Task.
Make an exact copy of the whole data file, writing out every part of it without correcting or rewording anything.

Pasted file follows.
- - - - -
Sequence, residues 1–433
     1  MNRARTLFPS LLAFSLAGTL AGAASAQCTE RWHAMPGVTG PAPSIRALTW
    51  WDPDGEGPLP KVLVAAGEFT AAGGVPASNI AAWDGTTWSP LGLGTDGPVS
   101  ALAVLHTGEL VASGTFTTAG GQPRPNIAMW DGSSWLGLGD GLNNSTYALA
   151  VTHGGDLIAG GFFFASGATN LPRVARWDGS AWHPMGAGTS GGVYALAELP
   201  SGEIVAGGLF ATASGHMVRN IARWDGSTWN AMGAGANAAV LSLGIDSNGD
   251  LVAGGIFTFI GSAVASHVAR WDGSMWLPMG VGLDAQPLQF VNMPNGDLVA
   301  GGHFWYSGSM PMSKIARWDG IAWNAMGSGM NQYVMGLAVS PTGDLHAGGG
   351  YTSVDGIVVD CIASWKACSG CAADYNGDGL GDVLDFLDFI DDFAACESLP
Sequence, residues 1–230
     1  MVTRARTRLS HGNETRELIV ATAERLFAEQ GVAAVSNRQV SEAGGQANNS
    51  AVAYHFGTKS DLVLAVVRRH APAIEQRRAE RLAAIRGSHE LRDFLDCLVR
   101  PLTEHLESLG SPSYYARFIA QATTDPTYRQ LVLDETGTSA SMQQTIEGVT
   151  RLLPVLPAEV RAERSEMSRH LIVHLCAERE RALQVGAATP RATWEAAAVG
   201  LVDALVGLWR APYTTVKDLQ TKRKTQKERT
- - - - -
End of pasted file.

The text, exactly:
Sequence, residues 1–433
     1  MNRARTLFPS LLAFSLAGTL AGAASAQCTE RWHAMPGVTG PAPSIRALTW
    51  WDPDGEGPLP KVLVAAGEFT AAGGVPASNI AAWDGTTWSP LGLGTDGPVS
   101  ALAVLHTGEL VASGTFTTAG GQPRPNIAMW DGSSWLGLGD GLNNSTYALA
   151  VTHGGDLIAG GFFFASGATN LPRVARWDGS AWHPMGAGTS GGVYALAELP
   201  SGEIVAGGLF ATASGHMVRN IARWDGSTWN AMGAGANAAV LSLGIDSNGD
   251  LVAGGIFTFI GSAVASHVAR WDGSMWLPMG VGLDAQPLQF VNMPNGDLVA
   301  GGHFWYSGSM PMSKIARWDG IAWNAMGSGM NQYVMGLAVS PTGDLHAGGG
   351  YTSVDGIVVD CIASWKACSG CAADYNGDGL GDVLDFLDFI DDFAACESLP
Sequence, residues 1–230
     1  MVTRARTRLS HGNETRELIV ATAERLFAEQ GVAAVSNRQV SEAGGQANNS
    51  AVAYHFGTKS DLVLAVVRRH APAIEQRRAE RLAAIRGSHE LRDFLDCLVR
   101  PLTEHLESLG SPSYYARFIA QATTDPTYRQ LVLDETGTSA SMQQTIEGVT
   151  RLLPVLPAEV RAERSEMSRH LIVHLCAERE RALQVGAATP RATWEAAAVG
   201  LVDALVGLWR APYTTVKDLQ TKRKTQKERT